To create a sense of progression across the game and also ramp up the challenge gradually, I spent a great deal of time categorizing the different types of challenge ingredients that we created for the game and listing them in order from easy to difficult. This included not only enemies and hazards, but also small jump, long jump, crouch to avoid projectile, and many other details of the player experience. I then created a table that listed all of the challenge ingredients and all of the levels, adding a checkmark where each element was introduced first to the player. This enabled me to craft a few things. It helped me set a gradual difficulty curve throughout all of the levels in the game, and also ensure new elements were introduced to the player over the course of their experience to keep things interesting. It is this aspect that makes the original game a great primer before jumping into the sequel. The sequel is quite different in this regard!

When it came time to create a sequel to Mutant Mudds we immediately thought of the Lost Levels from the Super Mario Bros. series. The Lost Levels was the official sequel to Super Mario Bros., released in Japan. However, it was deemed too challenging for North America at the time and was replaced by a different “Super Mario Bros. 2” in the form of an adaptation of Yume Kōjō: Doki Doki Panic.

We loved the idea of what Lost Levels set out to do: give fans of the original game a literal continuation of the first experience with increased difficulty. Even though that was the seed of the idea for Mutant Mudds Super Challenge, we also took the opportunity to add a ton of new content that we felt would improve the overall experience, such as boss encounters, all-new level art themes and music, secret passageways, new pick-ups, 20 hidden playable characters, and unlockable soundtrack (featuring over 40 tunes)!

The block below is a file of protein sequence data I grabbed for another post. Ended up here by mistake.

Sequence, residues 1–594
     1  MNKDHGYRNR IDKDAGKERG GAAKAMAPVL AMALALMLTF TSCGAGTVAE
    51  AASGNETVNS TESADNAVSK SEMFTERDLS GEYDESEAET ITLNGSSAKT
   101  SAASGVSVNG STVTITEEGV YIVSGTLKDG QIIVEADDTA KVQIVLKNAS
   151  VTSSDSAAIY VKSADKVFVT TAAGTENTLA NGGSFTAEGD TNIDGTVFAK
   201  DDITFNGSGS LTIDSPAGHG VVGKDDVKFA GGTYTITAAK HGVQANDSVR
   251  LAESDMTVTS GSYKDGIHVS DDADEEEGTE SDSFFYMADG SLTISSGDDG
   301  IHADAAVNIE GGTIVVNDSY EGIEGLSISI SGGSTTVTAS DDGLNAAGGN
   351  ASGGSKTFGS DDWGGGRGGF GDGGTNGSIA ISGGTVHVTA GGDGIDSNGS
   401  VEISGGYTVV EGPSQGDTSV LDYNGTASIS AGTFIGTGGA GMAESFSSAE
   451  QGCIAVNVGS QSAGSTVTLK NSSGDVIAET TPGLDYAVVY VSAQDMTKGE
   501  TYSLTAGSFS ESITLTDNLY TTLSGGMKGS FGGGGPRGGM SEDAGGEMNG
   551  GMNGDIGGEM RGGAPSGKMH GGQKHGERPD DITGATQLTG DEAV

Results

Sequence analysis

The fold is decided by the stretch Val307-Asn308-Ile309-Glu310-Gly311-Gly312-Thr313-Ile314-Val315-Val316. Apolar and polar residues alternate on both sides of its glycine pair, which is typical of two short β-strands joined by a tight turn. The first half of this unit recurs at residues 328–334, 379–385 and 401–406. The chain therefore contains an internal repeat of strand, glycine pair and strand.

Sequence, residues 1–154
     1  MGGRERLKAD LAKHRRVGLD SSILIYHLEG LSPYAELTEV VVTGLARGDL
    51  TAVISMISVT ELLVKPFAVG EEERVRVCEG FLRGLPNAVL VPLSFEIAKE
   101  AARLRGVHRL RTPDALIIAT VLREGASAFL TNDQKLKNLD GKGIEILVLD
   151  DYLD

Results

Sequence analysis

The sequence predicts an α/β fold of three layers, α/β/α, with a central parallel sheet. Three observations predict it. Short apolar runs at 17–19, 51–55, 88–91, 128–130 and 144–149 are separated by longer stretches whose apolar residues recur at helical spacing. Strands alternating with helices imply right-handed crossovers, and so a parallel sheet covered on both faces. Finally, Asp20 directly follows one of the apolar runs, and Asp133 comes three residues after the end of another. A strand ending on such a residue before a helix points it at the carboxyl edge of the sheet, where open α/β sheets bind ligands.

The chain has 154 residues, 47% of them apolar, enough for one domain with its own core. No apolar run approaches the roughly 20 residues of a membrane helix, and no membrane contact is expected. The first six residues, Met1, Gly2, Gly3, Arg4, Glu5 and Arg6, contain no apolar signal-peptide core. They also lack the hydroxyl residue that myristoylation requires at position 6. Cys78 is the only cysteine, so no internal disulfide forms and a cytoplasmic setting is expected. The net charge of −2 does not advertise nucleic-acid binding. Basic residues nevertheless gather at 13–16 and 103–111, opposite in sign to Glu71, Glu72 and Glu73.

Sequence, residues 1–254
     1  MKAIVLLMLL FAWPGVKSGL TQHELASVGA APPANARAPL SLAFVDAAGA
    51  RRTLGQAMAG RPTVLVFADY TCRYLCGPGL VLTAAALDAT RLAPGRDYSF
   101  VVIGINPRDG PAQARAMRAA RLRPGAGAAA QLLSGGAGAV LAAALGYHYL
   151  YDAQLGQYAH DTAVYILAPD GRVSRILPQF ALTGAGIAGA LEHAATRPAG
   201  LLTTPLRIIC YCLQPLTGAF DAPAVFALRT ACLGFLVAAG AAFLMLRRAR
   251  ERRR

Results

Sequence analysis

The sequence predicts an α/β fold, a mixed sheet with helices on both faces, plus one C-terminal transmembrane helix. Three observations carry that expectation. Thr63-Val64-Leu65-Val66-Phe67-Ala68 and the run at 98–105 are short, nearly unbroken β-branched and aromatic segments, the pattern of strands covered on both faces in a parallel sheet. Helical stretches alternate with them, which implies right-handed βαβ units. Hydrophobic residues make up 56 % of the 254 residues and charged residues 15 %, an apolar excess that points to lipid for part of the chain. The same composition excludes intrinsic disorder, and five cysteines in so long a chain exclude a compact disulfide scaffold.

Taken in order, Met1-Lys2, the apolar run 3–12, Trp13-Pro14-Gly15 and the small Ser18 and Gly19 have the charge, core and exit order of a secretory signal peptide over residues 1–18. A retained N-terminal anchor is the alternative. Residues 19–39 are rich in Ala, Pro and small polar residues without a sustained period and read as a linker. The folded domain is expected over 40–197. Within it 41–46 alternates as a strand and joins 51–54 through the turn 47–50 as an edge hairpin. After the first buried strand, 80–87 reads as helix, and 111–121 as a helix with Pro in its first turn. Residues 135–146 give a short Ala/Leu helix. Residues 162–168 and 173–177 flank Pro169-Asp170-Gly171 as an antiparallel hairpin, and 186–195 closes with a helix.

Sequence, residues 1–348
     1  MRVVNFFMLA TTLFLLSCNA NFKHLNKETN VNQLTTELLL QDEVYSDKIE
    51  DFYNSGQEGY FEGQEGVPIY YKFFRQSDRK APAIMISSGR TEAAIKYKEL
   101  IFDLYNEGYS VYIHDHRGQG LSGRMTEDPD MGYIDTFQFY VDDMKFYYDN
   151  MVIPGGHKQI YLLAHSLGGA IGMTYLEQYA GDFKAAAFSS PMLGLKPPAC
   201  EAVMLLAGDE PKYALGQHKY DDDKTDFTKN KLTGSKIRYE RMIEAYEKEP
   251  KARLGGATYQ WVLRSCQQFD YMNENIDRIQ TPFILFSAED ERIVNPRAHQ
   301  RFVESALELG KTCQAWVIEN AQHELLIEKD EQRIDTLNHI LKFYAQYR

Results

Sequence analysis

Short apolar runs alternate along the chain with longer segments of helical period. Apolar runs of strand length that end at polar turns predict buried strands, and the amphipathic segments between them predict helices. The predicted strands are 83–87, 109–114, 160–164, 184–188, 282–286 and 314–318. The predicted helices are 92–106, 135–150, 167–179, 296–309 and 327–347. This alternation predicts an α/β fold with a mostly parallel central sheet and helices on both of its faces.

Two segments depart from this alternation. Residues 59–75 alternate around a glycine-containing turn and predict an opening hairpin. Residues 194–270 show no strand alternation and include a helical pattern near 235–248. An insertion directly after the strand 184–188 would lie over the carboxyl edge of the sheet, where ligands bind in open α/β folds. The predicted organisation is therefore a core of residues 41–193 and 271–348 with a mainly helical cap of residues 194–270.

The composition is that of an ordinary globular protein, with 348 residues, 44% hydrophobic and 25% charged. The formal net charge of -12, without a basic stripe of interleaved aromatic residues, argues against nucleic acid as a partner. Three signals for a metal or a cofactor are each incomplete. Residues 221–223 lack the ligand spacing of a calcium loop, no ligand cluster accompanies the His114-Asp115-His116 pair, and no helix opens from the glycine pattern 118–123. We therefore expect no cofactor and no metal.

The biggest difference with Mutant Mudds Super Challenge is the fact that there really is no difficulty curve. It starts out hard, and continues to be hard. Even the intro levels pulls no punches. You may die. A lot. We added a handy death counter so you can keep track of your failures. Yeah, sorry about that. To counter that slap in the face, you’re able to visit any of the levels in the main worlds from the beginning. So, if a particular level is giving you a hard time, you can visit a different level and come back at a later time with a fresh perspective.

Something that makes our job so satisfying is when we hear positive feedback from players who are enjoying our games. It is truly a magical thing. One of the biggest highlights for me was when Shuhei Yoshida tweeted out his Muddy progress from a flight he was taking from US to Japan. When the President of Worldwide Studios, Sony Interactive Entertainment shares his enjoyment of your game, you’re having a great day! When Mutant Mudds Super Challenge released on Vita, he even went on to say it was a sequel to his “favorite action platformer.” We love you Yosp!

Thank you all for your support. I hope you enjoy the special bundle we have put together for you. Please share your experience with me on twitter. You can find me here: Peace!

North America

Friday, November 4, 2016

Healthy Time for Indies?